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The Flexo Ink Market



For flexo ink manufacturers, 2007 was a good year, as packaging continues to show growth and the interest in the environment draws attention to water-based and UV flexo inks.



By David Savastano, Ink World Editor



Published March 10, 2008
Related Searches: siegwerk resins flint group screen
Flexo ink manufacturers reported that 2007 was a good year, as the industry enjoyed continued growth

Marque Kleenex Tissue Display Box, printed by Wellpappe Auerswalde GmbH, received 2007 FTA Best of Show honors in Combined Corrugated.
in packaging.
   
“The flexo market did well in 2007,” said Michael Impastato, vice president business development, Packaging Division, North America for Flint Group. “Flexo grew at a rate similar to the market, not significantly gaining, or losing, share to the other printing applications. Flexo is a very strong competitor in the North American marketplace. While gravure may dominate some forms of packaging in other parts of the world, flexo is the main form of printing for most packaging in North America. We don’t see this as changing any time soon.”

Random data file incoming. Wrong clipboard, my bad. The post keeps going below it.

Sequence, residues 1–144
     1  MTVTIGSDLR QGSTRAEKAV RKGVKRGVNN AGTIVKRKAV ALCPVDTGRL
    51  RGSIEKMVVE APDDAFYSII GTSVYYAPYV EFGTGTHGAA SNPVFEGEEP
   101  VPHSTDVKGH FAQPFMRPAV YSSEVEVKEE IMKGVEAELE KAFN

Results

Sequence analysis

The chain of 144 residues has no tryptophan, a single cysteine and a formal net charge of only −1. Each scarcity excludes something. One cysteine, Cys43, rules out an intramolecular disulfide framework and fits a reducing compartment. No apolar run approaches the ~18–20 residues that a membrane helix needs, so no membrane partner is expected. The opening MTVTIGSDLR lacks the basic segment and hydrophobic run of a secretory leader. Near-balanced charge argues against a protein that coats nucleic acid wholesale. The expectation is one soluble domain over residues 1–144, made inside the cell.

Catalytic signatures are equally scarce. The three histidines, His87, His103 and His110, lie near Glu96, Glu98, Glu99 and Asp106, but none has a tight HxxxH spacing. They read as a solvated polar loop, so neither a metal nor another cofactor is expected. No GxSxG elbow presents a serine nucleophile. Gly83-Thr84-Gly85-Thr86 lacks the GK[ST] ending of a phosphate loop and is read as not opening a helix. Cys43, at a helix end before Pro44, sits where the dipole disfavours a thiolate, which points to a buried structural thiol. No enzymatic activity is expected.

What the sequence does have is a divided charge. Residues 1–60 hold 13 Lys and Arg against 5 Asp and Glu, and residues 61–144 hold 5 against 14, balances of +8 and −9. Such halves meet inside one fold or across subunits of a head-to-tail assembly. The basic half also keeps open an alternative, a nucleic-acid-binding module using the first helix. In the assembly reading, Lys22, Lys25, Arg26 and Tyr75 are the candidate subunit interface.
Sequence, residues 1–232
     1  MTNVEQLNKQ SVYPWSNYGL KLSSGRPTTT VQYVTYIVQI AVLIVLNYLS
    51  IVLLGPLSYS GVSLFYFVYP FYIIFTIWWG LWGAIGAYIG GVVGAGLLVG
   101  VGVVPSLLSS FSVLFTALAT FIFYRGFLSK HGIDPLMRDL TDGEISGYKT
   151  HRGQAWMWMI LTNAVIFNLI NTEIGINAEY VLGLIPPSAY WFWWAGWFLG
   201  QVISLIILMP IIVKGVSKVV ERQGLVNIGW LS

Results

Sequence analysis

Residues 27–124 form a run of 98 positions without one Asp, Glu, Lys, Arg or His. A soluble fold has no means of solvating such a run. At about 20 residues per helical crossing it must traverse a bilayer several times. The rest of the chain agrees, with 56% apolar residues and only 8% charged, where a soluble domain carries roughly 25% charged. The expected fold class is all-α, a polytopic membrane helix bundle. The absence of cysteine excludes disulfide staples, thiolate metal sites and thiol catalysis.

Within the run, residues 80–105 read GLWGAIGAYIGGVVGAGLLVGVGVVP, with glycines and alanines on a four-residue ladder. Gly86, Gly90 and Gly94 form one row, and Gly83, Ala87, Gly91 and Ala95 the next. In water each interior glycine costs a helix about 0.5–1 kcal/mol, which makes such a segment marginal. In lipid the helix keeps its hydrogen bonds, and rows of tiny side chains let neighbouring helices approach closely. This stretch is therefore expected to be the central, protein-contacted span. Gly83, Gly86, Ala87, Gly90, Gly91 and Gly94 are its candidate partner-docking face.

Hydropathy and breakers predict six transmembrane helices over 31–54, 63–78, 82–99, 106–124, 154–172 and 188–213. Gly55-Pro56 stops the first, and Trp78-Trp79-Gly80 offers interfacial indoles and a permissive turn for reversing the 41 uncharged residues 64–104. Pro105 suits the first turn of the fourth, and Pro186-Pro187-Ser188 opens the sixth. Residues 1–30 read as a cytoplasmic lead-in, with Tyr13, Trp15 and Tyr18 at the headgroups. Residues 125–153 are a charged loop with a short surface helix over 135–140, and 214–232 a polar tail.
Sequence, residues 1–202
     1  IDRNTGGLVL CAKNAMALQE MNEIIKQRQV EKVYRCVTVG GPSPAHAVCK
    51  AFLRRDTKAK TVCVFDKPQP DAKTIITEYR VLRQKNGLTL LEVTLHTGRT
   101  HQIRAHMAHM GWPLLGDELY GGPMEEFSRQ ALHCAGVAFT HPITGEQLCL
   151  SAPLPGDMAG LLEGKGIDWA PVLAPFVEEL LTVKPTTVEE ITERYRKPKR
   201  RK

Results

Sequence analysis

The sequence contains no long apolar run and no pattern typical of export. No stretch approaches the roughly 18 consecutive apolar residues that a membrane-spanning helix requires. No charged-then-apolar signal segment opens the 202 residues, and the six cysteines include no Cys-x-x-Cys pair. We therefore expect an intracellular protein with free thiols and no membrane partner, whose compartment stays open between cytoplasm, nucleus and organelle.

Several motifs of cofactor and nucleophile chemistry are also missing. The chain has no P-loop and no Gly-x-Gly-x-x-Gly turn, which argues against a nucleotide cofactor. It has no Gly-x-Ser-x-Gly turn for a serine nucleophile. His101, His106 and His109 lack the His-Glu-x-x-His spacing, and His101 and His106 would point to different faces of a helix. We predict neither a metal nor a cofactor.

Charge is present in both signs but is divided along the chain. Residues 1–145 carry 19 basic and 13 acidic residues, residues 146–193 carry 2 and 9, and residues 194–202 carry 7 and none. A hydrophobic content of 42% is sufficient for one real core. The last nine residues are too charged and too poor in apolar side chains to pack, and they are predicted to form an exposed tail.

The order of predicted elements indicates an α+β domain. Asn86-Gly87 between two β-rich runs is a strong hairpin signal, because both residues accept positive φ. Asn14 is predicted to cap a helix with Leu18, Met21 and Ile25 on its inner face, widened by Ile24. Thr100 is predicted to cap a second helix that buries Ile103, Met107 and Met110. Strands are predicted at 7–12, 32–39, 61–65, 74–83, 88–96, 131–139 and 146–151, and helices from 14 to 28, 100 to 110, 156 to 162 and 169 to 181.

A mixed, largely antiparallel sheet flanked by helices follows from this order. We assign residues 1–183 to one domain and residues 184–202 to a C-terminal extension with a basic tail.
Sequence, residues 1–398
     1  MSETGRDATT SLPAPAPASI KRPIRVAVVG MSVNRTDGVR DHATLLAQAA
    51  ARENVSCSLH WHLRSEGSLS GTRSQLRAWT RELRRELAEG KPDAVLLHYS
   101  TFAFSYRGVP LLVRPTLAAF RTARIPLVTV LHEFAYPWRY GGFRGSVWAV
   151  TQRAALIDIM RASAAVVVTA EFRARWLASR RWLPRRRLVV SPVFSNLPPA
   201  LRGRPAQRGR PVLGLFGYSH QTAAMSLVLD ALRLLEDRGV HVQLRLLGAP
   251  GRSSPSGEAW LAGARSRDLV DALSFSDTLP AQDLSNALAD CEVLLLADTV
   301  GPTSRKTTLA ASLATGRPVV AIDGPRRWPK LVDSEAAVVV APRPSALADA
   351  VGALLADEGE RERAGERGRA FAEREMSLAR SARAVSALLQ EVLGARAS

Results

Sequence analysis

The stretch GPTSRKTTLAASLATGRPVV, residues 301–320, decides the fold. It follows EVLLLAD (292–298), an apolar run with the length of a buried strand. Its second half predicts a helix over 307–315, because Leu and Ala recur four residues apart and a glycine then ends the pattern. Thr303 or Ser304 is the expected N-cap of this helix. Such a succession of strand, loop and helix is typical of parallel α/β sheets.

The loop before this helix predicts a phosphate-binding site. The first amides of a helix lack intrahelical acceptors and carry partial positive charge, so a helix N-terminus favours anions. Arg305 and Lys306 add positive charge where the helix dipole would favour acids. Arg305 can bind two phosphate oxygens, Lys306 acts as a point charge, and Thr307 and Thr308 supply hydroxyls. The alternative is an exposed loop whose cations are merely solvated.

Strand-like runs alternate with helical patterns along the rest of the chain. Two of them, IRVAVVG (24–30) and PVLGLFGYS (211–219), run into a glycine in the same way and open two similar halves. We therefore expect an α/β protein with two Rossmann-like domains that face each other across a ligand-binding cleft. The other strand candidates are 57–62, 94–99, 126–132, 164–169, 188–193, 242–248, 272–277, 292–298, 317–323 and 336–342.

George Sickinger, chairman, president and CEO of Color Resolutions International (CRI), said that CRI enjoyed growth in 2007, as did the vast majority of its customers. “However, the main concern has been and continues to be rising costs,” Mr. Sickinger added.
   
Kenneth Keathley, Environmental Inks & Coatings’ director of marketing, said the flexo market was challenging, but there were some bright spots, particularly in UV.
   
“We made some headway in the UV flexo market,” Mr. Keathley said. “We’ve noticed that the niche markets such as security and metallics are growing much faster than the conventional segments. We anticipate that 2008 will be a good year to launch new products.”

“The flexo market continues to grow on pace with industry standards,” said Bob Davison, director of sales Flexible Packaging NAFTA for Siegwerk. "The biggest growth opportunity for flexo in the coming years is extended gamut printing. All aspects of the flexo industry are aligned to deliver exceptional quality. Pre-press, plate, ink, anilox and press technologies have advanced to the point that flexo can clearly compete rotogravure and offset quality levels.”